Now from the sixth hour there was darkness over all the land until the ninth hour. And about the ninth hour Jesus cried with a loud voice, “Eli, Eli, lama sabachthani?” that is, “My God, My God, why hast Thou forsaken Me?” And some of the bystanders hearing it said, “This man is calling Elijah.” And one of them at once ran and took a sponge, filled it with vinegar, and put it on a reed, and gave it to Him to drink. But the others said, “Wait, let us see whether Elijah will come to save Him.” And Jesus cried again with a loud voice and yielded up His spirit. And behold, the curtain of the temple was torn in two, from top to bottom; and the earth shook, and the rocks were split; the tombs also were opened, and many bodies of the saints who had fallen asleep were raised, and coming out of the tombs after His resurrection they went into the holy city and appeared to many. When the centurion and those who were with him, keep watch over Jesus, saw the earthquake and what took place, they were filled with awe, and said, “Truly this was the Son of God!”
Matthew 27: 45-54
In case you missed it yesterday, it was the feast of one of my favorite saints, Longinus the Centurion who stood at the foot of the cross. His story is so inspiring, I wanted to share it today, even though it is a day late.
At the time of Christ, the area of the world where He lived was under military control of the Romans. It was under the religious control of the Jews. The Jews delivered Jesus to the Romans because the Jews were not allowed to condemn and kill people, but the Romans were. Pontius Pilate, the local governor or Jerusalem, presided over the hasty trial of Jesus and sentenced Him to death by crucifixion. The sentence was carried out the same day.
Crucifixion was a painful and humiliating way to die. In fact it was the most painful and most humiliating way to die. Those who died from crucifixion died from a variety of causes all lining up at once to snuff the life out of the condemned—exposure, dehydration, animals coming and tearing up a body, and asphyxiation ultimately.
The person in charge of a crucifixion was a centurion, an officer in the Roman army who was in charge of one hundred soldiers. (Remember the word “century” means one hundred years, so a centurion was in charge of one hundred soldiers). The centurion was a man who was very powerful and who struck fear into people. And it was a centurion who presided over the execution of Christ.
His name was not known in the Bible, though he has been given the name “Longinus.” The “Longi” was the word for “spear”. We don’t know if this was his real name, a nickname, or a name attached to him after the crucifixion. We know that after Christ died on the cross, a soldier, possibly the centurion himself, pierced His side with a spear and out flowed blood and water. We also know that a number of “cosmic” events took place at the time of the crucifixion. The whole sky became dark for three hours. An earthquake took place. The curtain of the temple was torn in two. And dead people came out of their tombs alive.
In Matthew’s account, we read that the centurion and those who were with him said that “truly this was the Son of God.” (Matthew 27:54) In other words, the centurion agreed with those around him, that Jesus was the Son of God. In Luke’s account, we read that “when the centurion saw what had taken place, he praised God, and said, ‘certainly this man was innocent!’” (Luke 23:47) As a Roman, who was obviously neither Jewish nor Christian, this was noteworthy itself. What he had witness caused him to praise God. In Mark’s account, his confession is the most powerful. In Mark 15:39, we read that “when the centurion, who stood facing Him, saw that He thus breathed His last, he said, ‘Truly this man was the Son of God!’” In Mark’s account, he took the lead in confession Jesus as the Son of God.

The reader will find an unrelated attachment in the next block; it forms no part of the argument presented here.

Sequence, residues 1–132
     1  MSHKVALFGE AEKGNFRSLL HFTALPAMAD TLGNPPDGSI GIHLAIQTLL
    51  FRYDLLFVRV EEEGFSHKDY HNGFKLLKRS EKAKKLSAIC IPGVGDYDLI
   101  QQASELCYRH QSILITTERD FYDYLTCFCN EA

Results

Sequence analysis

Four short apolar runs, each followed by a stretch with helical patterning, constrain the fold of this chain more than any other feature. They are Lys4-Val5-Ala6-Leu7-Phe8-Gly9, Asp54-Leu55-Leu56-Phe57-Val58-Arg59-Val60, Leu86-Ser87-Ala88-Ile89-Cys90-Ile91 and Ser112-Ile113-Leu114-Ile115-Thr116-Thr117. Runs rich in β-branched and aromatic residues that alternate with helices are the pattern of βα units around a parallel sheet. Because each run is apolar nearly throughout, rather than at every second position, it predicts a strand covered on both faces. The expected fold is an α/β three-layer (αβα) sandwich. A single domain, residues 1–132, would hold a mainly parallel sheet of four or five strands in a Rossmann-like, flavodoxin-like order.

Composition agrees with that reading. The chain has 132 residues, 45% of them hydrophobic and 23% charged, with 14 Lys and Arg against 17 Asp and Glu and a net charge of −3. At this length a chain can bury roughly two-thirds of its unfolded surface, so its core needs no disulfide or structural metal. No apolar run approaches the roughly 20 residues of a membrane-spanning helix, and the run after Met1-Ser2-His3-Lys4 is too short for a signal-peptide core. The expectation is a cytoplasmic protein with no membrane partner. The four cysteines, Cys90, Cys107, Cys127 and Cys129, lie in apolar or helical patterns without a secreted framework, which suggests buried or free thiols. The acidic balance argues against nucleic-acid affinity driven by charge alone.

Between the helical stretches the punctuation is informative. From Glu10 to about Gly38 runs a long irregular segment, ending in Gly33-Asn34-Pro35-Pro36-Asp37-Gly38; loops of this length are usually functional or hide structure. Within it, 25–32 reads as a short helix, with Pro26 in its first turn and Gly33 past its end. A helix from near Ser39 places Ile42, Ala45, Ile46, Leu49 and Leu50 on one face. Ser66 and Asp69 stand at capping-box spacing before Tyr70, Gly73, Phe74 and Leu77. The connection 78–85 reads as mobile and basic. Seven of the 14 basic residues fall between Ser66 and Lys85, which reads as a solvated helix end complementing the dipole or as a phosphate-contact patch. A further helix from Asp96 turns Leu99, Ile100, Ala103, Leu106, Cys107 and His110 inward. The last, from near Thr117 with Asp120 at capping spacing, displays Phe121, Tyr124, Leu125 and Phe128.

We read in Matthew 28 that after the Resurrection, the Jews bribed the Roman soldiers to tell people that the disciples came and stole the body of Jesus. Longinus, who had possibly also been involved with guarding the tomb, did not go along with this plan and instead preached about the Resurrection of Christ. He stopped being a centurion, was baptized and became a Christian. The Romans heard about the former centurion, now a devout disciple, and wanted to kill him. Longinus went to the Romans willfully and disclosed that he was the centurion they were looking for. Eventually he was beheaded.
The lesson of St. Longinus is a profound one. We know of many saints who started out as sinners. Saint Peter denied Christ and he is the rock on which Christ founded the Church. Saint Paul was persecuting Christians, as well as killing them, and he is regarded, along with Saint Peter, as the greatest of the Apostles. Saint Longinus presided over the death of the Son of God—He helped kill Christ! What could be more of an egregious sin than that?! And yet he repented and became a saint. The lesson of Saint Longinus is that we can all become saints, no matter what we’ve done, when we repent of our sins and believe in Christ. If St. Longinus can be a saint, than anyone can. If God can forgive him, anyone who comes to God in repentance can be forgiven. If there was salvation for him, then there is certainly hope for you and me.
Your martyr, O Lord, was worthily awarded by You the crown of incorruption, in that he conted for You our immortal God. Since he possessed Your power, he defeated the tyrants, dashing the demons’ powerless displays of defiance. O Christ God, at his fervent entreaties, save our souls. (Apolytikion of St. Longinus, trans. by Fr. Seraphim Dedes)
Don’t give up and don’t despair, salvation is still on the table for any of us, no matter who we are and what we’ve done. Saint Longinus is proof of that!